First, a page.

A modified procedure was employed which utilized the solution of Example 5. The above described procedure was modified in the following way. After the neutralizer was applied to the wrapped tress it was dried on the rod for five (5) minutes through the use of a hot air dryer. Improved results in terms of the defined wave pattern and its strength were obtained.
TABLE I__________________________________________________________________________ EXAMPLE 1 2 3 4 5 6 7 8__________________________________________________________________________Neutralizer SolutionsHydrogen Peroxide (35%) 3.75 3.75 3.75 3.75 3.75 3.75 3.75 3.75Isostearamido propylmorpholine lactate (25%) 0.75 0.75 0.75 0.75 0.75 0.75 0.75 0.75Cetearyl alcohol/ceteth-20 0.50 0.50 0.50 0.50 0.50 0.50 0.50 0.50Mineral Oil 0.07 0.07 0.07 0.07 0.07 0.07 0.07 0.07Methyl parahydroxy benzoate 0.10 0.10 0.10 0.10 0.10 0.10 0.10 0.10Phenacetin 0.10 0.10 0.10 0.10 0.10 0.10 0.10 0.10Fragrance 0.05 0.05 0.05 0.05 0.05 0.05 0.05 0.05Citric Acid 0 1.5 2.0 3.0 4.0 6.0 3.0 1.33Sodium Citrate Dihydrate 0 0 0 0 0 0 2.5 5.0Deionized water qs. 100.00 0 0 0 0 0 0 0pH 3.3 2.2 2.15 2.0 1.90 1.9 3.8 5.0Molar Concentration Of Citrate Ion 0 0.08 0.10 0.16 0.21 0.31 0.24 0.24__________________________________________________________________________
|Cited Patent||Filing date||Publication date||Applicant||Title|
|US2540494 *||Sep 3, 1949||Feb 6, 1951||Schwarz Milton H||Permanent hair waving|
|US2780579 *||Jul 23, 1953||Feb 5, 1957||Turner Hall Corp||Composition and method for permanent waving of hair on the human head|
|US3109778 *||Mar 16, 1961||Nov 5, 1963||Turner Hall Corp||Permanent waving compositions comprising 2, 2, 2-trichloro-1, 1-ethanediol|
|Citing Patent||Filing date||Publication date||Applicant||Title|
|US4770872 *||Feb 7, 1984||Sep 13, 1988||Helene Curtis Industries, Inc.||Neutralizer for permanently waving hair|
|US5080890 *||Nov 9, 1990||Jan 14, 1992||Loumar Cosmetics K.K.||Permanent waving lotion and a process for permanent waving of hair|
|US5833966 *||Oct 15, 1996||Nov 10, 1998||L'oreal||Hydrogen peroxide-based compositions used as fixers for permanent-waving/straightening|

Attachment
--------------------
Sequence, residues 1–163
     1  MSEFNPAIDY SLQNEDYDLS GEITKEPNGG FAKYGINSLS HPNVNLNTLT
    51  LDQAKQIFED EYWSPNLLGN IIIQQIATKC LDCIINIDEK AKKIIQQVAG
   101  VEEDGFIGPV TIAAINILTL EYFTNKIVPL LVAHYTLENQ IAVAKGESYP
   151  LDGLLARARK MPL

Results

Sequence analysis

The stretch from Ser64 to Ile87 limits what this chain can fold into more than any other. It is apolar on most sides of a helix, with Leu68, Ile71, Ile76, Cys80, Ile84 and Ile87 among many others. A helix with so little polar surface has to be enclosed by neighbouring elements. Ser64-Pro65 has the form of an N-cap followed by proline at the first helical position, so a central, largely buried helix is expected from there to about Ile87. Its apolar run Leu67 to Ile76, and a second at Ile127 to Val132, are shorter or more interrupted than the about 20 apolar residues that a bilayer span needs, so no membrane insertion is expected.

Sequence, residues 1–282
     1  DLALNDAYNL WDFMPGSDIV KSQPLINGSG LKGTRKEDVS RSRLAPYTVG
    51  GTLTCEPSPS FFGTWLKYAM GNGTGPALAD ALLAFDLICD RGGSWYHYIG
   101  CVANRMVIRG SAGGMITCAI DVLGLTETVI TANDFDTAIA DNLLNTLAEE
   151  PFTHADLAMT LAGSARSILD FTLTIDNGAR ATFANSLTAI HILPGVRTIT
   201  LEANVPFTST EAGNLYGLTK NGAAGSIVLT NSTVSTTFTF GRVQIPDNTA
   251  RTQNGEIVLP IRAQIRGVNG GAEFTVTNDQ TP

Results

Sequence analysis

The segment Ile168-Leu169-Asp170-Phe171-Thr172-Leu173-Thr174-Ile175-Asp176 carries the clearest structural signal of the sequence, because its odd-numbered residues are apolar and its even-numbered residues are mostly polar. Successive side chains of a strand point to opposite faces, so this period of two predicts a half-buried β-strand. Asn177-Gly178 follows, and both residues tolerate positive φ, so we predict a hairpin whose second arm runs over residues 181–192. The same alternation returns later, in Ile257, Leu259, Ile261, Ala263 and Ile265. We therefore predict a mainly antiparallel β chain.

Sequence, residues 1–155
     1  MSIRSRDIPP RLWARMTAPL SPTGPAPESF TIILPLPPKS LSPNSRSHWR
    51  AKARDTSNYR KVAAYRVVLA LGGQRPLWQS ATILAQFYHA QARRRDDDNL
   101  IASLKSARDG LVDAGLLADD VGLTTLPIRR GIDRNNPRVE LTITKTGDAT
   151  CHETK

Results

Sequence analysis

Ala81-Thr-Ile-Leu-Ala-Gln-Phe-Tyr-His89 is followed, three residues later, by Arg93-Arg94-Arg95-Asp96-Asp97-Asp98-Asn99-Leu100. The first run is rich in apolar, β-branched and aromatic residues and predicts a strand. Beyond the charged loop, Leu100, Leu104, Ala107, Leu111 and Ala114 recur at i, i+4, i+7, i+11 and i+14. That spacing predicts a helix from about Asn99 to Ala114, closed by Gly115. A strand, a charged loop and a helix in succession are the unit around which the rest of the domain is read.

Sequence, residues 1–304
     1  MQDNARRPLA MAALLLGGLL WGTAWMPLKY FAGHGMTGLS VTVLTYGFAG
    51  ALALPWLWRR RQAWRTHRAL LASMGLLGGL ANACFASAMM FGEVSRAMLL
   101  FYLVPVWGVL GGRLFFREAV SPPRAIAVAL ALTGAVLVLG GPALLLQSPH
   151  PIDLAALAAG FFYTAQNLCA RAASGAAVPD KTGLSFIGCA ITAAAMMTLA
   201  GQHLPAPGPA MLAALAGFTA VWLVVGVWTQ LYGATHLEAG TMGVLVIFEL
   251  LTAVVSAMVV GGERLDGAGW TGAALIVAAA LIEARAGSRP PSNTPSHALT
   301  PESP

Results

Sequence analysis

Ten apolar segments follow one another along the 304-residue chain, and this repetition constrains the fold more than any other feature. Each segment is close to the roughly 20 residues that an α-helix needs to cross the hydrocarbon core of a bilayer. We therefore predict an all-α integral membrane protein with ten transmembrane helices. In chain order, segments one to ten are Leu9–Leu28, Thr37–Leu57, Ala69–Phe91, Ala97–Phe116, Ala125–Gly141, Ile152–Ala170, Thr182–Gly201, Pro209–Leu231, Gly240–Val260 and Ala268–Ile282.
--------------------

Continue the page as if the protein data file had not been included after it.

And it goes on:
|US5988180 *||Mar 12, 1997||Nov 23, 1999||Zotos International, Inc.||Leave-on oxidizing solution for permanent waving of hair and a process for permanent waving of hair|
|US6723308||Nov 2, 2001||Apr 20, 2004||Kenra, Llc||Hair clarifying treatment|
|US6805136||Nov 2, 2001||Oct 19, 2004||Kenra, Llc||Hair relaxer|
|US7226585||Dec 12, 2003||Jun 5, 2007||Kenra, Llc||Method and system for treating hair|
|US20030098034 *||Nov 2, 2001||May 29, 2003||Browning Paul T.||Hair relaxer|
|US20040126348 *||Dec 12, 2003||Jul 1, 2004||Kenra Llc.||Method and system for treating hair|
|WO1993000882A1 *||Jul 8, 1992||Jan 21, 1993||R.M. Walker Healthcare Products, Inc.||Neutralizing rinse and improved method for chemically relaxing hair|
|WO2013174575A1 *||Apr 15, 2013||Nov 28, 2013||Unilever Plc||Method of treating hair|
|WO2015075063A1 *||Nov 19, 2014||May 28, 2015||Unilever Plc||Composition|
|International Classification||A61Q5/04, A61K8/365, A61K8/46|
|Cooperative Classification||A61Q5/04, A61K8/46, A61K8/365|
|European Classification||A61K8/46, A61K8/365, A61Q5/04|
|Dec 18, 1981||AS||Assignment|
Owner name: TRESSA, INC., 4333 MAYHEW, CINCINNATI, OHIO 45239
Free format text: ASSIGNMENT OF ASSIGNORS INTEREST.;ASSIGNOR:FORBRIGER, ARTHUR W. JR;REEL/FRAME:003935/0834
Effective date: 19811210
|Sep 11, 1984||AS||Assignment|
Owner name: WELLS FARGO BANK, NATIONAL ASSOCIATION 444 SOUTH F
Free format text: SECURITY INTEREST;ASSIGNOR:EKCO HOUSEWARES, INC., A DE CORP.;REEL/FRAME:004321/0110
Effective date: 19840907
|Oct 4, 1985||FPAY||Fee payment|
Year of fee payment: 4
|Mar 7, 1990||FPAY||Fee payment|
Year of fee payment: 8
|Apr 19, 1994||REMI||Maintenance fee reminder mailed|
|Sep 11, 1994||LAPS||Lapse for failure to pay maintenance fees|
|Nov 22, 1994||FP||Expired due to failure to pay maintenance fee|
Effective date: 19940914